Chilmark to vote on fire station land buy, decide fate of Housing Bank

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Chilmark residents will go to the polls on Monday, April 22. —MV Times File Photo

Chilmark voters will be asked on April 22 if they’re game to pony up $900,000 to buy land near town hall for a new fire station and a Tri-Town Ambulance building through a Proposition 2½ debt exclusion article. To fulfill the appropriation, voters will also be asked on April 24 to answer a ballot question on the same subject. The appropriation seeks the acquisition of real estate long owned by the Carroll family as a final solution to the town’s quest to replace its aging fire station and for Tri-Town Ambulance to get its own headquarters. (Tri-Town shares space in West Tisbury.) A related article, also a Proposition 2½ debt exclusion contingent on a ballot vote, asks voters for an appropriation of $200,000 for “architectural services to design the fire station … and the EMS building.”

Chilmark may well decide the fate of the proposed Martha’s Vineyard Housing Bank. Tisbury and Oak Bluffs voted down the idea earlier, while Edgartown mothballed the concept indefinitely. West Tisbury voted to accept the bank, but will not vote on funding it until April 30. Tuesday night Chilmark selectmen indicated they weren’t supportive of the Housing Bank. Should Chilmark vote it down, the requisite number of towns needed to move the concept forward to the legislature will fall short. In a nutshell, Chilmark’s vote is pivotal.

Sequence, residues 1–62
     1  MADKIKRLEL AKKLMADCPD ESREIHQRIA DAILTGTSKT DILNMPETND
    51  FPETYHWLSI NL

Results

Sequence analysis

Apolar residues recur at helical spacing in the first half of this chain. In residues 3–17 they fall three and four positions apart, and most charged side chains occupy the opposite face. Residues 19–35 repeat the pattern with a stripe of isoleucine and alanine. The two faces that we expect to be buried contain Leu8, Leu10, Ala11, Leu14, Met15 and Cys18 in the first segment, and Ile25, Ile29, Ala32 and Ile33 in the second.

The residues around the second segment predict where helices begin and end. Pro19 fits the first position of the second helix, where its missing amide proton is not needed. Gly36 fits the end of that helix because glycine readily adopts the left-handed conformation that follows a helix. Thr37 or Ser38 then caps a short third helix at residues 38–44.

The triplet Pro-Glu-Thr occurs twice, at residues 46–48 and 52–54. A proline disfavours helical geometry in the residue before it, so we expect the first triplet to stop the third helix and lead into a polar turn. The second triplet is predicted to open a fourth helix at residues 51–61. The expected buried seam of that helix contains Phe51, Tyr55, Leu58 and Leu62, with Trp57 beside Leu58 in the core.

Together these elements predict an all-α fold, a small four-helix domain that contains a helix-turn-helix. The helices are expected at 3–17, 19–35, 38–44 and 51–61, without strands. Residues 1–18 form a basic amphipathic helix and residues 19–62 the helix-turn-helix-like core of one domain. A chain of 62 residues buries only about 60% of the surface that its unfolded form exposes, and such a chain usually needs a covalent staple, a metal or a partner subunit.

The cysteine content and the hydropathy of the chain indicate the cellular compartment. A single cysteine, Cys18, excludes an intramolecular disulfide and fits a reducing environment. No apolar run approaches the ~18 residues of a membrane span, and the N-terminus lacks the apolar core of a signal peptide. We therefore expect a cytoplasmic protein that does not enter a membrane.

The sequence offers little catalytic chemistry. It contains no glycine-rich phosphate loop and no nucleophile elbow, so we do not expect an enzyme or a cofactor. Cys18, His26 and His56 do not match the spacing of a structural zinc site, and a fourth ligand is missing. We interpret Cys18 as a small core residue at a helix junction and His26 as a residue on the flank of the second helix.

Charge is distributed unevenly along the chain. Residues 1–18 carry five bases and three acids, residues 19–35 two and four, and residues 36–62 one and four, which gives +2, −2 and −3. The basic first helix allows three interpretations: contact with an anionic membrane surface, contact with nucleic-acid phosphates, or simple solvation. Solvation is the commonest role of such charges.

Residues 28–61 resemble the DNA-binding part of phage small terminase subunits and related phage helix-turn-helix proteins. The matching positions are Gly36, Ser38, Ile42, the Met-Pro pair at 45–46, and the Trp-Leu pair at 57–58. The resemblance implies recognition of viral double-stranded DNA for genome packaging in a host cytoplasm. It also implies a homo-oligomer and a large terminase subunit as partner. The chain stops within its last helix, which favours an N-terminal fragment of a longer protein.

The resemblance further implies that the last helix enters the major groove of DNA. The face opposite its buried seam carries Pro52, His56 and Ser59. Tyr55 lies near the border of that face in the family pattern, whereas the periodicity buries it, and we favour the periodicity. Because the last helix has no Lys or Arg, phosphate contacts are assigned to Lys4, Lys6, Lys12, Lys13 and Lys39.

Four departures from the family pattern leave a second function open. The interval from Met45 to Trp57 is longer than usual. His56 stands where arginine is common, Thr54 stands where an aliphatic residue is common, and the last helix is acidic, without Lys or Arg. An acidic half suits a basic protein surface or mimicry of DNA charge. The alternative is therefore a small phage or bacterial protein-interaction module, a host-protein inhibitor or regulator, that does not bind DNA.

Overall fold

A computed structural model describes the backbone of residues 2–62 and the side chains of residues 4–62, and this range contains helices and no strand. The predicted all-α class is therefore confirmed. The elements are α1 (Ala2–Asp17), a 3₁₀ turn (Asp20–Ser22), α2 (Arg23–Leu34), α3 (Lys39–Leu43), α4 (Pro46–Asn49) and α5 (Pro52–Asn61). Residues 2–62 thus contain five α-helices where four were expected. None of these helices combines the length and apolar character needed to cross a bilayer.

Voters will be asked if they want to assess another $49,335 in taxes to fund Chilmark’s share of a feasibility study for a high school renovation or rebuild, and $27,243 in additional taxes to the town’s portion of upgrades and maintenance of the Dukes County Regional Emergency Communication Center radio system. Both articles are Proposition 2½ overrides, which require ballot approval too.

Chilmark voters will weigh in on whether or not they want to join West Tisbury in its landmark prohibition of plastic water and soda bottles of less than 34 ounces.

The special town meeting kicks off at 6:30 pm Monday, the annual town meeting begins at 7 pm. Polls open for the annual town election at noon on Wednesday, and close at 8 pm. The only competitive race on the ballot is between Judith Flanders and Maxwell McCreery, who each seek three-year seats on the cemetery commission. Town meeting and the election both take place at the Chilmark Community Center.